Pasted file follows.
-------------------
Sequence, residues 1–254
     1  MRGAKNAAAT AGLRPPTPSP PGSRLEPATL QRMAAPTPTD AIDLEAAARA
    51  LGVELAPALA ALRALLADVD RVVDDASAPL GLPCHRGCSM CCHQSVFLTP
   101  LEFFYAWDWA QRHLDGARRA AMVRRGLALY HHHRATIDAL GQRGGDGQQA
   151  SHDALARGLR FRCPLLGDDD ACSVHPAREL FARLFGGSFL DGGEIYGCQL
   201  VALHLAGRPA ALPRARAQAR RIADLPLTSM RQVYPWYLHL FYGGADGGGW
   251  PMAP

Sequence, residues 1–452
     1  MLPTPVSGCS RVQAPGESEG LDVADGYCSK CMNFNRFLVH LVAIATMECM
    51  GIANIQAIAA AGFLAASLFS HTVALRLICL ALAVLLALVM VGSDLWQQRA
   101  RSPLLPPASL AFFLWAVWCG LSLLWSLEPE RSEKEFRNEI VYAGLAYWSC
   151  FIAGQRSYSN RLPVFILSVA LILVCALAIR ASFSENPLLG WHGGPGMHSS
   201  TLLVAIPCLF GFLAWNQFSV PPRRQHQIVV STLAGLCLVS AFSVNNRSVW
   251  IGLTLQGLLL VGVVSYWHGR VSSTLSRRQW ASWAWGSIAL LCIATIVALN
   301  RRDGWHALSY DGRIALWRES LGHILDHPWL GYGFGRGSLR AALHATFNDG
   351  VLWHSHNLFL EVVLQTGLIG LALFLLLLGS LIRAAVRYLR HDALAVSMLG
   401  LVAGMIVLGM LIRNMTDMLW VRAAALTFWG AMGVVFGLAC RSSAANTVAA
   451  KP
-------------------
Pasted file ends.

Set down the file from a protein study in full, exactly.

Sequence, residues 1–254
     1  MRGAKNAAAT AGLRPPTPSP PGSRLEPATL QRMAAPTPTD AIDLEAAARA
    51  LGVELAPALA ALRALLADVD RVVDDASAPL GLPCHRGCSM CCHQSVFLTP
   101  LEFFYAWDWA QRHLDGARRA AMVRRGLALY HHHRATIDAL GQRGGDGQQA
   151  SHDALARGLR FRCPLLGDDD ACSVHPAREL FARLFGGSFL DGGEIYGCQL
   201  VALHLAGRPA ALPRARAQAR RIADLPLTSM RQVYPWYLHL FYGGADGGGW
   251  PMAP

Sequence, residues 1–452
     1  MLPTPVSGCS RVQAPGESEG LDVADGYCSK CMNFNRFLVH LVAIATMECM
    51  GIANIQAIAA AGFLAASLFS HTVALRLICL ALAVLLALVM VGSDLWQQRA
   101  RSPLLPPASL AFFLWAVWCG LSLLWSLEPE RSEKEFRNEI VYAGLAYWSC
   151  FIAGQRSYSN RLPVFILSVA LILVCALAIR ASFSENPLLG WHGGPGMHSS
   201  TLLVAIPCLF GFLAWNQFSV PPRRQHQIVV STLAGLCLVS AFSVNNRSVW
   251  IGLTLQGLLL VGVVSYWHGR VSSTLSRRQW ASWAWGSIAL LCIATIVALN
   301  RRDGWHALSY DGRIALWRES LGHILDHPWL GYGFGRGSLR AALHATFNDG
   351  VLWHSHNLFL EVVLQTGLIG LALFLLLLGS LIRAAVRYLR HDALAVSMLG
   401  LVAGMIVLGM LIRNMTDMLW VRAAALTFWG AMGVVFGLAC RSSAANTVAA
   451  KP